While automation may replace basic manual jobs, companies may try to match functional knowledge with tech as they reskill their employees with domain knowledge, instead of replacing them. So the tasks that required physical interaction, such as demonstrating new products to consumers will be replaced by virtual reality or simulation. Hence, the higher need for tech-savvy workers who can do this.
Organisational hierarchy: As performance takes priority, the traditional office hierarchies and pyramids may flatten out and become more horizontal rather than vertical. As physical supervision becomes redundant and workforces reduce, employees could take on multiple roles, eliminating junior or very senior roles. “However, companies are not making any drastic or immediate changes in their hierarchies right now,” says Shetty.
Salary structure: The biggest change could be the shift from fixed to variable pay. With remuneration linked to productivity and outcome rather than experience or seniority, there might be a shift to variablising of costs. Instead of fixed salary bands and rigid appraisal structures like the bell curve, there is likely to be more fluidity between bands. “The pay will depend on the value you bring to the organisation, not your experience,” says Sharma.
There could also be a change in salary structure, with allowances like conveyance or entertainment being replaced by those for equipment, infrastructure and technology for work-from-home employees.
More options for women: “Women who would have dropped out of active workforce for family or other reasons can seek full-time employment,” says Sharma. Adds Chakravarty: “Work-from-home options increase employability and career growth for women who can’t commute or spend long hours outside home.” More importantly, their salary will not depend on the number of hours but on productivity.
How to adapt to the new normal at work
To ensure that you remain relevant and retain mental stability, it is essential to keep pace with the altered work scenario. Here’s how.
Be more flexible & open-minded:
As office space and its usage undergo a change, job profiles, organisational hierarchy and salary structure are also likely to be altered. To be able to remain relevant, you need to be flexible and learn to accept these changes. If you cannot keep pace with the new normal in your existing set-up, you may have to fi nd a new job or role for yourself.
Be more digitally & tech savvy:
With the increasing reliance on the Internet to secure jobs and work remotely, it is essential to master this medium, be it in interaction, presentations or transactions. Besides, automation of jobs means that new tech-driven skills will replace manual work. So, remain one step ahead and hone your tech and digital skills before you are forced to, or worse, replaced by a machine or someone who can operate these better.
Upskill yourself more regularly:
As the demand for new jobs like cyber security specialists or data scientists increases, you will not only need to learn new skills but also constantly upgrade and update yourself. This will not only help you make a transition to a more relevant role, but importantly, the remuneration will increase with your knowledge base and you are likely to be paid better if you have a Master’s or a PhD in cloud computing or data science.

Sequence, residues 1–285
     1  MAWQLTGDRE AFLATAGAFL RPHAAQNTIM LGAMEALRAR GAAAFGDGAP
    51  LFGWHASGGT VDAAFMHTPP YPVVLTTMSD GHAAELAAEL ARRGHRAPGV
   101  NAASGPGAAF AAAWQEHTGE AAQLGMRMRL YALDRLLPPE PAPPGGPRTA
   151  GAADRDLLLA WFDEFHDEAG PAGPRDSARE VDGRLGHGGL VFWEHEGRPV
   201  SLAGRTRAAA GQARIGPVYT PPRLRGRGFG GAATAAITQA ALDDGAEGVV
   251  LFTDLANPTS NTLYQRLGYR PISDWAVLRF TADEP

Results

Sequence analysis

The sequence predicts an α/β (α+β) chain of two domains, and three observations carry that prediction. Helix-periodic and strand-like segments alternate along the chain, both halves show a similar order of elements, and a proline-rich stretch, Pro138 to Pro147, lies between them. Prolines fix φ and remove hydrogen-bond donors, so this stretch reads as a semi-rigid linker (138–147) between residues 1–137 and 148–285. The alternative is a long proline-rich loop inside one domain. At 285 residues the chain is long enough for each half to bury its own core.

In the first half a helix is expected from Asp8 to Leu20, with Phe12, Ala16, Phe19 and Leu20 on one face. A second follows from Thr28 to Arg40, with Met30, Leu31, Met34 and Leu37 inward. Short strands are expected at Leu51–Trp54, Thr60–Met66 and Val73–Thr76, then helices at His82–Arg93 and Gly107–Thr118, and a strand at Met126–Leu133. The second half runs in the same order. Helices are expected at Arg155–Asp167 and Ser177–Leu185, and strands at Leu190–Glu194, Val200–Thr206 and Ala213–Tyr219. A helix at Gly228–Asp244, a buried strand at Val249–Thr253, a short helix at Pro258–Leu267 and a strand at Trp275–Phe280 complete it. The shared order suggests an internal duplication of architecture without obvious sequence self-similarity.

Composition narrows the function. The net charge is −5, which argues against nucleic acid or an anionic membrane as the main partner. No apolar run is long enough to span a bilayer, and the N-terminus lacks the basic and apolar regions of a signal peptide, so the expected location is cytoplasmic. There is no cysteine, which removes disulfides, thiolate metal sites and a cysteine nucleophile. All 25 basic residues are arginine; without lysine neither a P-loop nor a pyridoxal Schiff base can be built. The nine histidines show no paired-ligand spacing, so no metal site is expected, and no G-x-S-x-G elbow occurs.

Improve communication skills:
Since inter-personal interaction is being replaced more and more by digital communication, you will need to enhance your communication skills. With the elimination of body language and non-verbal cues, the focus will be on verbal interaction. To be more effective and convincing, you will have to hone your oratorical skills. So, be it a job interview, sales call, conversation with clients or group meetings, you must learn to be more eloquent and articulate.
Take time to disconnect:
A big drawback of working remotely is that you may fi nd it diffi cult to disengage from work. If you are calling and receiving calls from work at all hours, you will not only increase your own stress but also impose on your colleagues who may not want to be disturbed. Maintain a schedule and selfdiscipline, which sees you putting in a fi xed number of hours at work. After this, disengage completely and interact with family or involve yourself in other activities.
Take care of mental health, retain human connection:
A critical factor that cannot be ignored in the new work normal is your state of mind. Working from home may be convenient, but being completely cut off from your colleagues and friends can lead to mental health problems like depression and anxiety. So even as HR personnel boost employees’ mental health with greater engagement, you must do what you can to keep yourself healthy, be it through yoga and meditation or increasing your interaction with friends and colleagues.
Engage in personal branding:
Since you will be heard more than you’re seen, and your performance will be based on outcome, not the number of hours you put in at work, you will have to learn to make your presence felt. While this is done best by increasing your productivity and delivering more, you will also have to maintain proper communication with your boss and seniors so that you are not overlooked or ignored.